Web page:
14 March 2007 "Can you see me now?" An objective metric for predicting intelligibility of compressed American Sign Language video
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Abstract
For members of the Deaf Community in the United States, current communication tools include TTY/TTD services, video relay services, and text-based communication. With the growth of cellular technology, mobile sign language conversations are becoming a possibility. Proper coding techniques must be employed to compress American Sign Language (ASL) video for low-rate transmission while maintaining the quality of the conversation. In order to evaluate these techniques, an appropriate quality metric is needed. This paper demonstrates that traditional video quality metrics, such as PSNR, fail to predict subjective intelligibility scores. By considering the unique structure of ASL video, an appropriate objective metric is developed. Face and hand segmentation is performed using skin-color detection techniques. The distortions in the face and hand regions are optimally weighted and pooled across all frames to create an objective intelligibility score for a distorted sequence. The objective intelligibility metric performs significantly better than PSNR in terms of correlation with subjective responses.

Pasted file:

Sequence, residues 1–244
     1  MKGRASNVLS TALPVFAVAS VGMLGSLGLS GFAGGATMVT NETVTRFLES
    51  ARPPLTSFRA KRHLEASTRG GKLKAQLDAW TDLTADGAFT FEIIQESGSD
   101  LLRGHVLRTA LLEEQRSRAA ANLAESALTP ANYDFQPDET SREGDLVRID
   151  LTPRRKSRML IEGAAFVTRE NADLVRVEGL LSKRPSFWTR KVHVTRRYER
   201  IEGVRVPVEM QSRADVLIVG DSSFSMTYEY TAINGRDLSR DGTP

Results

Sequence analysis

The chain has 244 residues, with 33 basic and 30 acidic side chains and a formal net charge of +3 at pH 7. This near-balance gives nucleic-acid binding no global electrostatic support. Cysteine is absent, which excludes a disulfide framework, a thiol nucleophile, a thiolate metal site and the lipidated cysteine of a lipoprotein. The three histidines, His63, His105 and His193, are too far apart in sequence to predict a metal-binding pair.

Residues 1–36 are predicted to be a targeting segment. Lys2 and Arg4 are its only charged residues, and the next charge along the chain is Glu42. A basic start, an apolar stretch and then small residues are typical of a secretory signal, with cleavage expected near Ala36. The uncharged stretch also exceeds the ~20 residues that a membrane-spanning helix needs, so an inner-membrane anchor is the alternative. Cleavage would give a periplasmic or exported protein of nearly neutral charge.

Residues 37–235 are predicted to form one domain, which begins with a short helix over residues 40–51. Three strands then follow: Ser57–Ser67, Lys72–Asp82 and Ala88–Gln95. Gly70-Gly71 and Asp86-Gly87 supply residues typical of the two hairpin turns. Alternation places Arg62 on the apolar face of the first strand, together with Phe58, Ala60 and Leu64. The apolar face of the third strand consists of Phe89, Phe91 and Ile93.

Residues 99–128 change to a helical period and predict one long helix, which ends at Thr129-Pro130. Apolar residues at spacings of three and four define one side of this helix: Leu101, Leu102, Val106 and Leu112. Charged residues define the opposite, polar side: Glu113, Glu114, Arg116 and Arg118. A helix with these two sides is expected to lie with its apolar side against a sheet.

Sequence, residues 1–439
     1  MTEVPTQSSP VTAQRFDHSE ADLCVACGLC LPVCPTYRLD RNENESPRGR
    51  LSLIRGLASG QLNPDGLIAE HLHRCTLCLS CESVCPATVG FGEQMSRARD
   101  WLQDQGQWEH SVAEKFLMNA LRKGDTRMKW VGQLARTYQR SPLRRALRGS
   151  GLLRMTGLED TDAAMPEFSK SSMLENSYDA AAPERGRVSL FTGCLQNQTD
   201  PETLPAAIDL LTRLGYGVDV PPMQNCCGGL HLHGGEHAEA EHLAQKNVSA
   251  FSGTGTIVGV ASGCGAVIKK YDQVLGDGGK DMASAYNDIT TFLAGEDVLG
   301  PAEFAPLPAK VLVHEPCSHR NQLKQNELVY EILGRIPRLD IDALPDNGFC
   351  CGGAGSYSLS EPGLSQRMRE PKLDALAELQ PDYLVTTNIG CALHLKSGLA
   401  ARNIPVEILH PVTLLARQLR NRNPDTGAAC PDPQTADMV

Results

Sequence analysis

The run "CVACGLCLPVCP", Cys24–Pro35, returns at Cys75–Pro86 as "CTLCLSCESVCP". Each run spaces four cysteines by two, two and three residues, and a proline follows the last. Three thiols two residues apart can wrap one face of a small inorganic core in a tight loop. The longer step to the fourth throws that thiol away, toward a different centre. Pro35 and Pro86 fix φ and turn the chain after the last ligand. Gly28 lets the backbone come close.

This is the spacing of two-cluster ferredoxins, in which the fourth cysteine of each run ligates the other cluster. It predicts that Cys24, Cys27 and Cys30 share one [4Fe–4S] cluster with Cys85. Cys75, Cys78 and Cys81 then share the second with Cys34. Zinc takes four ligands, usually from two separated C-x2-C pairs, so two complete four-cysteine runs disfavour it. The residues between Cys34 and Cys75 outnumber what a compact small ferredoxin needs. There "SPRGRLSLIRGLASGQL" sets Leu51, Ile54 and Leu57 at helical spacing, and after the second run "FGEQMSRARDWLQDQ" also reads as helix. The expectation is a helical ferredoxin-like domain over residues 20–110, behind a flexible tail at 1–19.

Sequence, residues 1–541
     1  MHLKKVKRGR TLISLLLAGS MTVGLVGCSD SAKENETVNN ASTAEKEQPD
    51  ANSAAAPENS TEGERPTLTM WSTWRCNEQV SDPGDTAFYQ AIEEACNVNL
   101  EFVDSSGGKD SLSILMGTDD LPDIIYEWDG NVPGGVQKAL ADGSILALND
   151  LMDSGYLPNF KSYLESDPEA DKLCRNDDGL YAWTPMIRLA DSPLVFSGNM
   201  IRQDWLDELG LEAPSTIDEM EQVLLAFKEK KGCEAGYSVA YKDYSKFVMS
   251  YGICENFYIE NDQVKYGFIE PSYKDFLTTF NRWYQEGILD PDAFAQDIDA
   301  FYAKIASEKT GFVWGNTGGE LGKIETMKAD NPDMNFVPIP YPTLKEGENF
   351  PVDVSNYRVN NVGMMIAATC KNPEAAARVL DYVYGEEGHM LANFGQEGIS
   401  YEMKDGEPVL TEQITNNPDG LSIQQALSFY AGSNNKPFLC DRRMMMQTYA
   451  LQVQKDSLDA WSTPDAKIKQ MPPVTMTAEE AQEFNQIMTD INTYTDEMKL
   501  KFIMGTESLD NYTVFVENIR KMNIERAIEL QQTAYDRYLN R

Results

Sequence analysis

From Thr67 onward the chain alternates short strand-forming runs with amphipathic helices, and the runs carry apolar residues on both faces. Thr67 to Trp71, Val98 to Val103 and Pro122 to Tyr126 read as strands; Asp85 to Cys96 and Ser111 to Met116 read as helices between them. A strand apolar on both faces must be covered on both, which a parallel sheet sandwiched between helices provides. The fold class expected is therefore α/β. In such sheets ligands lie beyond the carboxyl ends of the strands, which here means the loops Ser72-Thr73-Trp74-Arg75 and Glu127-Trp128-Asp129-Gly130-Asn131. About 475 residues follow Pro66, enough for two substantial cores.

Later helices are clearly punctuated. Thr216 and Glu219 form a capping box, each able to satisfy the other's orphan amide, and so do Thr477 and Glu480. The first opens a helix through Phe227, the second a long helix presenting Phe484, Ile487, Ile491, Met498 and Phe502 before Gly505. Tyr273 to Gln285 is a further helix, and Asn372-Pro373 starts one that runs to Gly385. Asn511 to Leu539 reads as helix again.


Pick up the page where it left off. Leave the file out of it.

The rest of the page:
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Francis M. Ciaramello, Francis M. Ciaramello, Sheila S. Hemami, Sheila S. Hemami, } ""Can you see me now?" An objective metric for predicting intelligibility of compressed American Sign Language video", Proc. SPIE 6492, Human Vision and Electronic Imaging XII, 64920M (14 March 2007); doi: 10.1117/12.707448; https://doi.org/10.1117/12.707448
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